Others say golf is in a cycle similar to one in the mid-1950s when the game was without a dominant player. Tom Kite, the only golfer to have won at least one tournament every year since 1981, thinks a true champion's desire to win is unaffected by the economic climate, but that a player with the proper outlook and talent is rare. "Guys like Snead and Palmer and Nicklaus keep their motivation," says Kite. "They always have and they always will."
Watson, 38, is the last player who earned his way into that galaxy. He was Player of the Year six times from 1977 to 1984. His slump dated back to his '84 British Open loss to Ballesteros. But this year he played with the same elemental spirit that had characterized his prime years. He makes a point of keeping the front of his visor free from endorsements, half joking that "it keeps the brain clear."
Watson is not ruling out a return to his former level. "If I come out next year and win five or six times, then I will be all the way back," he said. "People who say that's impossible to do now don't know what they're talking about."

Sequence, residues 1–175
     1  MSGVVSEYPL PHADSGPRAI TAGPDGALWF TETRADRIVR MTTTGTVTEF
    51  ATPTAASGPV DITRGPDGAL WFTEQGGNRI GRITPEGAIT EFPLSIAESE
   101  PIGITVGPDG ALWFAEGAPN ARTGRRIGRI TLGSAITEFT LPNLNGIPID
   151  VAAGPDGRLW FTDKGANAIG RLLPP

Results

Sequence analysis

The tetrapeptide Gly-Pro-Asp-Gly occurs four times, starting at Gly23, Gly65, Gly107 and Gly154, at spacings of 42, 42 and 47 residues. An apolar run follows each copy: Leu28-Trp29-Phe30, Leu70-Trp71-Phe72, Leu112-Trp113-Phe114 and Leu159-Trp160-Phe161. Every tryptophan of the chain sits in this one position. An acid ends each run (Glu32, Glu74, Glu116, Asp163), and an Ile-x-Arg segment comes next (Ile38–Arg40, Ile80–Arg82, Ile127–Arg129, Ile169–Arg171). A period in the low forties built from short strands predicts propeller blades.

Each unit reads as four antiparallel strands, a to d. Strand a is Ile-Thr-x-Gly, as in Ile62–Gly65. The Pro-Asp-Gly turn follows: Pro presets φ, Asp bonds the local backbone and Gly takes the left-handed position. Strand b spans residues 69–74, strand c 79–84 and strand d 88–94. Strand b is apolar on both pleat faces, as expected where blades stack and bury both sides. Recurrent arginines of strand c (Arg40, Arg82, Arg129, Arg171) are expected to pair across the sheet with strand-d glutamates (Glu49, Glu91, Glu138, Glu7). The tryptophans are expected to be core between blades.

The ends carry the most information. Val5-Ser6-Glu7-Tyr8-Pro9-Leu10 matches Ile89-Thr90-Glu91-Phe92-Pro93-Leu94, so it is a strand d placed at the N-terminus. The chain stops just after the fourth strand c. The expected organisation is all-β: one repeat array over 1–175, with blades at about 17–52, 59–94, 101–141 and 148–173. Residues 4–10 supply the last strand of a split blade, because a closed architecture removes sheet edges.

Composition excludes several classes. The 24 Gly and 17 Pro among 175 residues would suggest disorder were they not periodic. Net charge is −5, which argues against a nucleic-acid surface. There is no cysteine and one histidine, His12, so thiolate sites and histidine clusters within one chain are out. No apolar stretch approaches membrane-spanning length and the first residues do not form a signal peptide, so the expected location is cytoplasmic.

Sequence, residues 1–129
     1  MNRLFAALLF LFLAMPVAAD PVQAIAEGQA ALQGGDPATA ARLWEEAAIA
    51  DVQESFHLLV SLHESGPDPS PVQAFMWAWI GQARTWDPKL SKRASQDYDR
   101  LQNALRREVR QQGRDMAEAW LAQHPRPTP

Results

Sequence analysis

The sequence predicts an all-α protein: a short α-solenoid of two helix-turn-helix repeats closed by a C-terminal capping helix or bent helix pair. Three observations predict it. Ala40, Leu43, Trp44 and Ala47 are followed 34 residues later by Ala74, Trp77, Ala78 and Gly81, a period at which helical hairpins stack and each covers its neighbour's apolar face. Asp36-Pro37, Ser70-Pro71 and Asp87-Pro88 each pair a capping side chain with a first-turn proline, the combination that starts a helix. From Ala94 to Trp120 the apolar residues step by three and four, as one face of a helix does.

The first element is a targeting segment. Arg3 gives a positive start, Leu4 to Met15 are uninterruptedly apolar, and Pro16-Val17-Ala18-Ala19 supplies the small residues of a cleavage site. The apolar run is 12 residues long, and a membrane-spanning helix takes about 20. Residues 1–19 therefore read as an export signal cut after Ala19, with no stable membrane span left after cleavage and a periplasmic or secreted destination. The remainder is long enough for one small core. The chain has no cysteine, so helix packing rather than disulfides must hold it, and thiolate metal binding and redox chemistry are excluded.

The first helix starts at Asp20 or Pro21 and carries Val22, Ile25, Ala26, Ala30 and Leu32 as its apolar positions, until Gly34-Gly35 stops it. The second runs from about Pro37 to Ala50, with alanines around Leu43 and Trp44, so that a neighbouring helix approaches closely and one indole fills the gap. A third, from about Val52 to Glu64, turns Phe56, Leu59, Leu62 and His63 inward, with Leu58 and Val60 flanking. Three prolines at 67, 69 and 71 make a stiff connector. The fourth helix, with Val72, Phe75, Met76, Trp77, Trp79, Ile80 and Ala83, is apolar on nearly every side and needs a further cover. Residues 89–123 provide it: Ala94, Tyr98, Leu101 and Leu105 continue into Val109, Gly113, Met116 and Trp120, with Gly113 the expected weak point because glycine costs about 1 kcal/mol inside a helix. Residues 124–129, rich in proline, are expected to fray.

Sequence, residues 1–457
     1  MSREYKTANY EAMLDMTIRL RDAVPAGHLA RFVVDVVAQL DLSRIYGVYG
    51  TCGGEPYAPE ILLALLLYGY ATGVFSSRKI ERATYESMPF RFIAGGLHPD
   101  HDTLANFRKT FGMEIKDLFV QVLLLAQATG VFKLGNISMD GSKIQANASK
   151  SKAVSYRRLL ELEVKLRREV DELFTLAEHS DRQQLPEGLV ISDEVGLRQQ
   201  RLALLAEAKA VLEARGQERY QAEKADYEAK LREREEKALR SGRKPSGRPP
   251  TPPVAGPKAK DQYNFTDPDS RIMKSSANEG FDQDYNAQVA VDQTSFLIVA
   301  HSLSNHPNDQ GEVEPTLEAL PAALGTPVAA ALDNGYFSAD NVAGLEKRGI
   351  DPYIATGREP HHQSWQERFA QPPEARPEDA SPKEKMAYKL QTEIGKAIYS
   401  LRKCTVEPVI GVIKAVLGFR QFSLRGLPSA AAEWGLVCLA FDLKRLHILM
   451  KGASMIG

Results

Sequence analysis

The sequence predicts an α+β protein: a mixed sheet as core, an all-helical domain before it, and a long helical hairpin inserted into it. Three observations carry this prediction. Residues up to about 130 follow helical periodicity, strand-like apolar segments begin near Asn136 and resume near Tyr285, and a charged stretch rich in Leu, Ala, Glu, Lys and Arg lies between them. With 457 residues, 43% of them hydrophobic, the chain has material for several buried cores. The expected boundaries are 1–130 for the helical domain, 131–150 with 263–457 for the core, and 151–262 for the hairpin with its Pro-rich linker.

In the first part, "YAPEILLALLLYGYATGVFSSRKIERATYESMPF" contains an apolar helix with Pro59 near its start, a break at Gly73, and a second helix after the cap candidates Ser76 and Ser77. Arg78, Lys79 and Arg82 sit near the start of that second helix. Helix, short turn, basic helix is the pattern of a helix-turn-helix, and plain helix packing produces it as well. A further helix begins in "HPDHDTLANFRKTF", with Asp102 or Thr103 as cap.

None of Watson's future victories is likely to require as much inner conquest as Nabisco. He came to San Antonio after spending three weeks at his home in Mission Hills, Kans., where he had put in as much as three hours a day on his short game. "All of a sudden the putter started feeling good again," he said.
"I guess the money will make up for some of my losses in the stock market, but I honestly never thought about it," said Watson, who lifted his earnings for the year to a career-best $616,351. "The victory is so much more important. That's what I'm out here to do—win."
It's an attitude some players on the Tour can stand to be reminded of.
Watson wings his visor after sealing a victory he prized even more than his fat check.